The North Pole — the sprawling, low-budget web series centered around the lives of three best friends, all born-and-raised in Oakland — is officially back for Season Two. And this time around, the diverse cast of actors and writers are steadfast on pressing one hot button topic, above any other: immigration... in a Trump-led America.

In its first season's seven episodes, as written on by SFist, The North Pole set the grounds for the left-of-center comedy series: “[The show] hits on our generation's most urgent social issues: Gentrification. Global warming. And gluten-free donuts,” per their official Facebook Page.

The slap-your-knee comedy’s inaugural season was, too, brimming with lauded cameos (W. Kamau Bell, Boots Riley, Mistah Fab) offering a deep-dive into global warming and climate change.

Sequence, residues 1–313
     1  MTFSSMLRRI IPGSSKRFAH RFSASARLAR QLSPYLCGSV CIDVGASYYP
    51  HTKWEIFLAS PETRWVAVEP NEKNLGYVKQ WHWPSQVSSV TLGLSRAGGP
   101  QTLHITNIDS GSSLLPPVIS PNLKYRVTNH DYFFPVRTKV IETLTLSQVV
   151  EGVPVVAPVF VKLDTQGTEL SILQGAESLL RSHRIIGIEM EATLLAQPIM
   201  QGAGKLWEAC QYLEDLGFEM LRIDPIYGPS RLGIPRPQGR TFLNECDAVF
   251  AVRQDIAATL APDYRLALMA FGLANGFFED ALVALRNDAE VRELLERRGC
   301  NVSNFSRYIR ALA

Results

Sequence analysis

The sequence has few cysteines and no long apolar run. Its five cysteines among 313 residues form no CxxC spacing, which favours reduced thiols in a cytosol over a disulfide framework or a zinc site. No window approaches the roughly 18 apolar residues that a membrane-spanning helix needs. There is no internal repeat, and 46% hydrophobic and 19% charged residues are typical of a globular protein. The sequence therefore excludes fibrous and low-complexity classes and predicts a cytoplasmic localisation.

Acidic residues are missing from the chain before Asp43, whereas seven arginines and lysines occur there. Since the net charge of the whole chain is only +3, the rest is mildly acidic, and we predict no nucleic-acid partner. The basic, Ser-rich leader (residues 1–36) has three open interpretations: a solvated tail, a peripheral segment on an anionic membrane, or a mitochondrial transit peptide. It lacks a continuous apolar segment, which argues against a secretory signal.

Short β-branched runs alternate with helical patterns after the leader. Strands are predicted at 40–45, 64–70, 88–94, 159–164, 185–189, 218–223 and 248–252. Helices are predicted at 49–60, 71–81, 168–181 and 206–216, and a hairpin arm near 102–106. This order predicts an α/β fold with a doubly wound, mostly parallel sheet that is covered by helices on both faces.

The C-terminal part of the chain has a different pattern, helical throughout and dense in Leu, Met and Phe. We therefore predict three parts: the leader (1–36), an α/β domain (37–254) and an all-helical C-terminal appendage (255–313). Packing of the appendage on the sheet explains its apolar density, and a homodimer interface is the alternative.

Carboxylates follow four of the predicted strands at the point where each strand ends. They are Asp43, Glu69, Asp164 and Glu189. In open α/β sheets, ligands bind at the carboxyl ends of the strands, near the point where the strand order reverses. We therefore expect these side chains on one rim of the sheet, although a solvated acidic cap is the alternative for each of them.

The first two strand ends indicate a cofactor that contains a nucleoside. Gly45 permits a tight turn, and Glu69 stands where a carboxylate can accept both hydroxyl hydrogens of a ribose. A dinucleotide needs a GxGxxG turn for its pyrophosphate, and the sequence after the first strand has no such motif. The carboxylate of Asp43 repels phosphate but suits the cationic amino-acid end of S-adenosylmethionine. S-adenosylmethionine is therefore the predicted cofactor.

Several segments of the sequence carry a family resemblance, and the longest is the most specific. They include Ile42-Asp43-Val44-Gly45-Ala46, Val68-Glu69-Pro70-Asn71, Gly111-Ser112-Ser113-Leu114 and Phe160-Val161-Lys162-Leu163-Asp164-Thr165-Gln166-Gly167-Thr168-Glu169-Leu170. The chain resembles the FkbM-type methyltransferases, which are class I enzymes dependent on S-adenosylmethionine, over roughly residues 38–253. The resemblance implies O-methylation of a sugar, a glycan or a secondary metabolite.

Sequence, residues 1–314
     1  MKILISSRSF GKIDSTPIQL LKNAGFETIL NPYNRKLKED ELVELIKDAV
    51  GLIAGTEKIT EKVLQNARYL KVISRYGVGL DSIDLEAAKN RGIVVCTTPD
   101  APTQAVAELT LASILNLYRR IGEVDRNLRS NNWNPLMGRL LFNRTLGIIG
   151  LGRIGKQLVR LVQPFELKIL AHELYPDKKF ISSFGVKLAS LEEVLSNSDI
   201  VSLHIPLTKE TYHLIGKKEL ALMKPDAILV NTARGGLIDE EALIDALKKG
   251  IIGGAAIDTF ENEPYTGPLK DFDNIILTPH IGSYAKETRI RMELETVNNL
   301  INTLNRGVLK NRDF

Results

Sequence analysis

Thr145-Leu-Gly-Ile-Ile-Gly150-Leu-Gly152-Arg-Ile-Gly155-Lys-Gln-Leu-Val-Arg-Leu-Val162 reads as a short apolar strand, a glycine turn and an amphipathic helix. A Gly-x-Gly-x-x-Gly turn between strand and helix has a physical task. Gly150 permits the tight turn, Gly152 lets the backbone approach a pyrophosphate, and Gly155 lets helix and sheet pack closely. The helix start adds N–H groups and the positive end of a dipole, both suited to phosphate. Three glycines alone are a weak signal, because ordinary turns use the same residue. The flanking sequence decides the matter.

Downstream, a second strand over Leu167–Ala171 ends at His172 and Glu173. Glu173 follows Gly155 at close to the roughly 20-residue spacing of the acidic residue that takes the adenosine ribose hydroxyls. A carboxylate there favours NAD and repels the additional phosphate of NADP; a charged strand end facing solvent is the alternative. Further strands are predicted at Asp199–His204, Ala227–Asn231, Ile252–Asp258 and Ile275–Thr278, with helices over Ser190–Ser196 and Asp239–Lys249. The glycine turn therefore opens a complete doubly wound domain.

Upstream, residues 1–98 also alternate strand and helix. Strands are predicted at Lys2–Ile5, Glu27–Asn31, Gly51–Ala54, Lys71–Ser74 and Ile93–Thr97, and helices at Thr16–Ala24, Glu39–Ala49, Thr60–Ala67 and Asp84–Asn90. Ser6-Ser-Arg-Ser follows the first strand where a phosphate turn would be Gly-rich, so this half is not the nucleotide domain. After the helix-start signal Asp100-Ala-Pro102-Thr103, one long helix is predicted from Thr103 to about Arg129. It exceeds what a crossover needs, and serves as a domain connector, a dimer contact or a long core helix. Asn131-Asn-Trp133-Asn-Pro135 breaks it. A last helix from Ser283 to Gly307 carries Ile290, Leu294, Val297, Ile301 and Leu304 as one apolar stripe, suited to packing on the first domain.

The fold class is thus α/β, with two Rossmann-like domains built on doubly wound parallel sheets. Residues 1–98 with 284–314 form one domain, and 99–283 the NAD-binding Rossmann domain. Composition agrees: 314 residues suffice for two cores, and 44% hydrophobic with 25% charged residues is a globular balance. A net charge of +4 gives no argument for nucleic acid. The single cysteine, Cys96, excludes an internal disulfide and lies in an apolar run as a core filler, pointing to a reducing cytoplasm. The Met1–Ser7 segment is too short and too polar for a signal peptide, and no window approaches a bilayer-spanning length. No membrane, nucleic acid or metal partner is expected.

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On #InternationalMigrantsDay we stand with migrants from all over the world. Migration is human right and fighting to build a new world where migration is natural is what we believe! #Repost @kellylatimoreicons ・・・ A statement: Everyone. I want art to speak for itself. But......The recent events are horrible. I realize Trump has become "an idol of the tribe". Meaning Trump; who he is, his administration, his rhetoric and policies are just the tip of the iceberg to the overwhelming division, injustice, violence, fear, and hate that is being perpetuated by those individuals we are most likely encountering in our everyday in our various communities. Without going into great detail, much of the inspiration for both of the refugee images came about while sitting around a campfire with a young man who "illegally" came into the united states. His stories about his journey through the desert and the reasons he was in the united states, about the fear and pain he carried, yet also all his hope, impacted me deeply. Immigration and the plight of refugees is a ongoing political 'issue'. The icons I want to paint are the kind that will hopefully create dialogue and inspire us to ask questions to ourselves and to our neighbors. "Refugees: La Sagrada Familia" depicts the Holy Family in such a way that people have either resonated with the image or have been very triggered by it. I think both reactions are important. By transcending our biases, listening and having inner silence about our convictions, our inherited traditions, or our favorite ideas we can become open to the patterns of work, knowledge and experience we may not have seen in the other or buried in ourselves. We can see the people around us that are working through their own shit. We can see the journey of any refugee as not simply a political issue, or an issue at all, that we are talking about people,with names, faces and stories. They have something to teach us about what we know, about who God is, the world we live in and who are our neighbors. This is the real work of being human and of art. Being more present. Go be present. Kelly #refugee #immigration #iconography #borderwall #trump #mexicocaravan